Most of us have. I confess to quite a few.
Let's just say the move wasn't my idea. It put me in a new place with no family, no connections and no circle of friends from the church we loved.
I felt alone and adrift, like many spouses do in this kind of situation.
I kept reminding myself if God brought my husband to this place--and I knew He did--He must have something here for me, too. But what?
On one of my empty days I checked out a community women's Bible study listed in our local newspaper. The teaching leader recounted the story of God freeing the Israelites from captivity and Moses leading them out from Egypt. When soldiers in chariots pursued them, God parted the Red Sea so they could escape to freedom. They needed pure water and He provided it, there in the wilderness. Yet the people grumbled. Exodus 16 says they looked back fondly to Egypt--and slavery--because there they could eat until they were stuffed.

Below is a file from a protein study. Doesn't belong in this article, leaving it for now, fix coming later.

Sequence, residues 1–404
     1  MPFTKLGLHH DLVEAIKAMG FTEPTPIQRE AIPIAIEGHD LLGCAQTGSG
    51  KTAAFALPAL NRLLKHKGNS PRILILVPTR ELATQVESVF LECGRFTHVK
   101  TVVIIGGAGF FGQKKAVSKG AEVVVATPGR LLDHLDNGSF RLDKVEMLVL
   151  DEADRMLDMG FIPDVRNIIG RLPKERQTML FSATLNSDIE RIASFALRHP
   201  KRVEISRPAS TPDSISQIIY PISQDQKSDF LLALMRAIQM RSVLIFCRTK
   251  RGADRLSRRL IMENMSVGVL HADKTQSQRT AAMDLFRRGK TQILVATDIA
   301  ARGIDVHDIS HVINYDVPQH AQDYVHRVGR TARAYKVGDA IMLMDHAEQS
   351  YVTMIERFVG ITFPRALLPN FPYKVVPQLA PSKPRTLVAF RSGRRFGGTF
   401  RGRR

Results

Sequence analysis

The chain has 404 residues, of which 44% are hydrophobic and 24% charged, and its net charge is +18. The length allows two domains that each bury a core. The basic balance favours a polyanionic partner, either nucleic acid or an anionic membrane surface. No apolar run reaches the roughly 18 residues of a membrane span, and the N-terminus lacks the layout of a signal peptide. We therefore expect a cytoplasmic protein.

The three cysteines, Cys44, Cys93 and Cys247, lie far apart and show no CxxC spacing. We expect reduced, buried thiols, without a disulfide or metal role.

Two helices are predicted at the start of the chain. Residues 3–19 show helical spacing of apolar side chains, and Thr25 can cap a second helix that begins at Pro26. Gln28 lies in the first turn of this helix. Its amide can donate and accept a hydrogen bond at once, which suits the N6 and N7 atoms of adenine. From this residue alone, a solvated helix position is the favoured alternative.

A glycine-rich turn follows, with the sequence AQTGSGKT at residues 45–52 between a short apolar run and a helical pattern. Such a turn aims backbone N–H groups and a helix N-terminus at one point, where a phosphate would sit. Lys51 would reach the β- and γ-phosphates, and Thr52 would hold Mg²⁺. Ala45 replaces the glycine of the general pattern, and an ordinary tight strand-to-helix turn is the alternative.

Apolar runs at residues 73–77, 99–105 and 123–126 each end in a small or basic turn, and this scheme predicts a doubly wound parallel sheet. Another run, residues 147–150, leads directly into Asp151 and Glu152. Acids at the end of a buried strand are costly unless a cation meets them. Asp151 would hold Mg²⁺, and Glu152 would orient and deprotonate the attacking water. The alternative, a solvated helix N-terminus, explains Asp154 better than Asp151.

Then the leader lobbed a truth that hit home. "Are you wandering around in a dry, dusty wilderness of your own making?"
It seemed she looked into my heart.
She didn't stop there. "Are you murmuring against God because the specifications of your life are not exactly as you would choose?"
Like the old story of how to get a stubborn mule's attention, that woman's words served as my much-needed "whack on the side of the head."
Nothing changed, but everything changed.
Once I took my eyes off Poor, Pitiful Me and looked for the good in our new situation I found quite a lot. (My husband said he got his wife back--and here I thought he hadn't noticed.)
Those memories came flooding back last week, when I ran across an old prayer I've loved for years.
It was found in the pocket of an unknown Confederate soldier, a casualty in the U. S. Civil War, 1865:
I asked God for strength, that I might achieve;
I was made weak, that I might learn humbly to obey.
I asked for health, that I might do greater things;
I was given infirmity, that I might do better things.
I asked for riches, that I might be happy;
I was given poverty, that I might be wise.
I asked for power, that I might have the praise of men;
I was given weakness, that I might feel the need of God.
I asked for all things, that I might enjoy life;
I was given life, that I might enjoy all things.
I got nothing that I asked for, but everything I hoped for.
I am among all men most richly blessed.
Every time I read those simple words they touch my heart. How about you?
Love from your fellow learner,